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  • August L. Liljenberg

Western pop culture versus cultural self-determination, which comes first?

Living in the West, it’s easy to forget pop culture’s naturally expansive and colonising force abroad. The origins of many western social changes can be found within the arts and pop culture – but is its exportation overseas as effective a force at inducing genuine social and political change?

This question is nowhere more prescient than in the Middle East. In recent months, some overly hopeful progressives have pointed to events such as the 1975s lead singer Matt Healy kissing a male fan in the audience during a Dubai concert in August as indications that the liberal values of Western pop can have a positive effect in otherwise conservative regions of the world. Such thinking couldn’t be further from the truth. Symbolic of Western universalism, it furthers the notion that these socially conservative regions can only be emancipated through foreign intervention and Western, liberal ideals.

Firstly, Dubai is in no way representative of the average Middle Eastern country. With barely over three million inhabitants, heavily integrated with the global capitalist system, and a comparably high percentage of Western expatriates, its relationship to the West is the exception, not the rule, in Middle Eastern culture. One can only guess how many of the concert’s attendees were students of the city’s several large international schools, hardly the crowd to convince of socially progressive values.

This is not to dismiss art’s role in cultural realignment but rather highlight the underpinning Western superiority that regurgitates the false idea of “backwardness” in the Middle East. The social revolutions of the 20th Century is proof that countries do not need external intervention to achieve social and political change through cultural shifts – so why believe that the Middle East is any different? The 1975 has political immunity abroad; emancipation comes through internal struggle and can’t just be achieved through market liberalisation and an adoption of Western pop culture.

A quick Google search will show that there are dozens of artists from Syria to Iran actively risking persecution due to promoting progressive values; it must be they who are to be at the forefront of any future cultural changes in the region. Why do we rarely hear about these artists? Upon further research, one notices that the difference between local Middle Eastern artists and Western pop culture icons is that the former incorporates their own culture, history, and personal experiences into the music. These artists aren’t producing to generate sales like the Western culture industry does, but rather are doing it due to genuine struggle at home.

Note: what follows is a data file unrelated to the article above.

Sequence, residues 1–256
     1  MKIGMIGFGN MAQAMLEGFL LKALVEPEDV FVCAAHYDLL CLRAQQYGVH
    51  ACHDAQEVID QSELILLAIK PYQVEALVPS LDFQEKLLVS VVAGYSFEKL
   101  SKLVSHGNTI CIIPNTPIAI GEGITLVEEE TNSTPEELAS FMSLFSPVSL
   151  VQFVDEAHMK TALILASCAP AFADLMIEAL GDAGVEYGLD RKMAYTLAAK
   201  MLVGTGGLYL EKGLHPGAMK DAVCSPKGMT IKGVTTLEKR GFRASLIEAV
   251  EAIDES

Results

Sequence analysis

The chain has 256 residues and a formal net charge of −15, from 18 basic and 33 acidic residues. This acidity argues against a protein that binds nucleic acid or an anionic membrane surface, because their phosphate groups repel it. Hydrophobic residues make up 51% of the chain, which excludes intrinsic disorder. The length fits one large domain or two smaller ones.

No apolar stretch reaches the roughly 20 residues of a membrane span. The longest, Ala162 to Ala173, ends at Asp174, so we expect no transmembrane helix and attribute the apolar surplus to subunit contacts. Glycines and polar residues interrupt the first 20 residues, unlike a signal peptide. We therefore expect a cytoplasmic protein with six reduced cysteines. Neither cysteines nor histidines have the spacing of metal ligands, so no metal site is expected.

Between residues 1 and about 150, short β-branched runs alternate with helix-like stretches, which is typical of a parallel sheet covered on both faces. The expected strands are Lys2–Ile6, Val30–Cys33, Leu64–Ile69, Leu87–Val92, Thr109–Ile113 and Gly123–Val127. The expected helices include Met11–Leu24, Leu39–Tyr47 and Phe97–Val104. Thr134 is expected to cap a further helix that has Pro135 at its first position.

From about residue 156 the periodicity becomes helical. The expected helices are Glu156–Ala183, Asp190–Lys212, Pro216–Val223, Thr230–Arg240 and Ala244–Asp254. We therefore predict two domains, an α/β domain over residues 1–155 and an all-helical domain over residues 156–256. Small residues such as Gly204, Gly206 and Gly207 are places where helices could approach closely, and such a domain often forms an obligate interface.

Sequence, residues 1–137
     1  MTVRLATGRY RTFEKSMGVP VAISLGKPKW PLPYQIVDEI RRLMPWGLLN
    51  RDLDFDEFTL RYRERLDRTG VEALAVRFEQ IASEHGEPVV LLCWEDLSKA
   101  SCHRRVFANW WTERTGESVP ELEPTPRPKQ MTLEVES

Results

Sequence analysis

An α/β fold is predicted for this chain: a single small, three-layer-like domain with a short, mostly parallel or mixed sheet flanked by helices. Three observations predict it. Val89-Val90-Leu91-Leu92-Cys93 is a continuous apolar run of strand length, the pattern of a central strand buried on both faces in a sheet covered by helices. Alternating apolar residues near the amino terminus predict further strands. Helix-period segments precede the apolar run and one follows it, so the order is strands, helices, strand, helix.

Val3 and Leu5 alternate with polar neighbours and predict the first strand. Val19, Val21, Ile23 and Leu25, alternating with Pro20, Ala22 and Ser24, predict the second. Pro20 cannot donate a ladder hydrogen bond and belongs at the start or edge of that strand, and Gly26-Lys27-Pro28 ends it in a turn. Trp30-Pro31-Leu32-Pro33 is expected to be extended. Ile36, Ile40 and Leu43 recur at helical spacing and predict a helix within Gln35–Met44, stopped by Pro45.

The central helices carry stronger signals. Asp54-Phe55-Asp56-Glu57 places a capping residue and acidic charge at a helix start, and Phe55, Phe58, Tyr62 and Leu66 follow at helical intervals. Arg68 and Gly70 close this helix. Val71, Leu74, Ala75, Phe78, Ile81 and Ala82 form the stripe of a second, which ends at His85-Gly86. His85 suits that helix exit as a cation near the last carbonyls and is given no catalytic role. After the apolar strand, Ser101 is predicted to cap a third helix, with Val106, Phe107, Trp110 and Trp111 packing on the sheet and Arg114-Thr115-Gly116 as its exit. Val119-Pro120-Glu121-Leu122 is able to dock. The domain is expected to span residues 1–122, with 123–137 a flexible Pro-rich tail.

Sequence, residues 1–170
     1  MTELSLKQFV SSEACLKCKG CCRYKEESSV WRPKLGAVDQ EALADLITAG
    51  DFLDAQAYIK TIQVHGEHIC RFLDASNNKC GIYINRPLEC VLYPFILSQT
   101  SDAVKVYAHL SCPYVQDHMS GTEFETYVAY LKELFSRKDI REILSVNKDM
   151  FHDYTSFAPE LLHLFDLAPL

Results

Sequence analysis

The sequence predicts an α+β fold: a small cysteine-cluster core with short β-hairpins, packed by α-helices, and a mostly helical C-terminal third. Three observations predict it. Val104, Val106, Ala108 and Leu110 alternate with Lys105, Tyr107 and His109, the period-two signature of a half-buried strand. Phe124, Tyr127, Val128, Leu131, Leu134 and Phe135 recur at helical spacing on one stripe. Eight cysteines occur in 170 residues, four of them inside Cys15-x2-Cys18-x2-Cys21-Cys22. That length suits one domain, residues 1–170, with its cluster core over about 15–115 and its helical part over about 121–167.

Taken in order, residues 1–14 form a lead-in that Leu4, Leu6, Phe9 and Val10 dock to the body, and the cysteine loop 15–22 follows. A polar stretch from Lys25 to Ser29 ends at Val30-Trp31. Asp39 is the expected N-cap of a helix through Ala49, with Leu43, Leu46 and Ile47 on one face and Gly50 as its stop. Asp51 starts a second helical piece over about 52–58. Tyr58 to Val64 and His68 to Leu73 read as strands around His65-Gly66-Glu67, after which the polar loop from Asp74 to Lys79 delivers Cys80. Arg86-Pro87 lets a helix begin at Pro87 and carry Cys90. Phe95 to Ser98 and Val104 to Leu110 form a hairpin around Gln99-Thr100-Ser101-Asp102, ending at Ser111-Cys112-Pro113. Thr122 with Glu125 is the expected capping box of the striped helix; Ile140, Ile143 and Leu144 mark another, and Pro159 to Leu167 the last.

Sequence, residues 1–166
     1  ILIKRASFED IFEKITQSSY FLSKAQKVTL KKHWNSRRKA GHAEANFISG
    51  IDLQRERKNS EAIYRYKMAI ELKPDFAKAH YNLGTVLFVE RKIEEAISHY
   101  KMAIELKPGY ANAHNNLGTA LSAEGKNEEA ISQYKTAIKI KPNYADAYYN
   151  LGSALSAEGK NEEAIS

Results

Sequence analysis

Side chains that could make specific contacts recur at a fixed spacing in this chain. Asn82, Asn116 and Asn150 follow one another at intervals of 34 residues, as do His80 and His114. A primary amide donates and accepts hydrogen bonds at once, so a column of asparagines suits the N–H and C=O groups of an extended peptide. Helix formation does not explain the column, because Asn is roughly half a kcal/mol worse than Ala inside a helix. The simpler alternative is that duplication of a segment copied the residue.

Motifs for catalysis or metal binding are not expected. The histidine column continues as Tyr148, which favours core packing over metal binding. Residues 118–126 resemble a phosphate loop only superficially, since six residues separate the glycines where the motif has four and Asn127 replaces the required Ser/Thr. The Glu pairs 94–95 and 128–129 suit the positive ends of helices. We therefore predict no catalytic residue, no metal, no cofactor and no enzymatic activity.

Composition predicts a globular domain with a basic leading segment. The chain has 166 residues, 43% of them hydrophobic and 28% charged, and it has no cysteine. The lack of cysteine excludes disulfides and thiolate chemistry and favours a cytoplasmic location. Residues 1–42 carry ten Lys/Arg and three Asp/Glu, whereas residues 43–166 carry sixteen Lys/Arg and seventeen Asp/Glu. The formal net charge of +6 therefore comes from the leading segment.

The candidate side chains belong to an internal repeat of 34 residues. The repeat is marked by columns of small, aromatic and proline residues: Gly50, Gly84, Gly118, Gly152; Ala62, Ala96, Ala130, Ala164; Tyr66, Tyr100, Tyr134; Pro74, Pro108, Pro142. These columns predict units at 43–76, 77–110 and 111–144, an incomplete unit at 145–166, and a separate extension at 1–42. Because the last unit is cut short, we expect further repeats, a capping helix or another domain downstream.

These ideas stretch further than progressivism, however. The concept of cultural self-determination free from corrosive outside forces can be furthered to all regions of the world. Much to the dismay of global capital and the Geneva Convention, civilizations other than the modern West have different anthropologies and political attitudes; other truths that define them. For all its belief in the strength of diversity, Western liberalism continuously seeks to strip the rest of the world of its peculiarities and differences and instead replaces them with a new consumer market, devoid of tradition or history.

This article is not to discredit the idea of a Middle East with more progressive social views – quite the contrary. American Pop bands should and will not be at the forefront of social change abroad, but will instead develop from within the region itself, from people that know their homes best. Middle Eastern social views are rooted in religion, history, and culture – to change those views without using their very roots would be disastrous. The fact that people not only think progressive Western Pop should be used to induce this change, but that said Pop comes from a genuine concern for progressive values at home, highlights the delusion of the modern Western consumer.

Image - Pexels (Mark Angelo)

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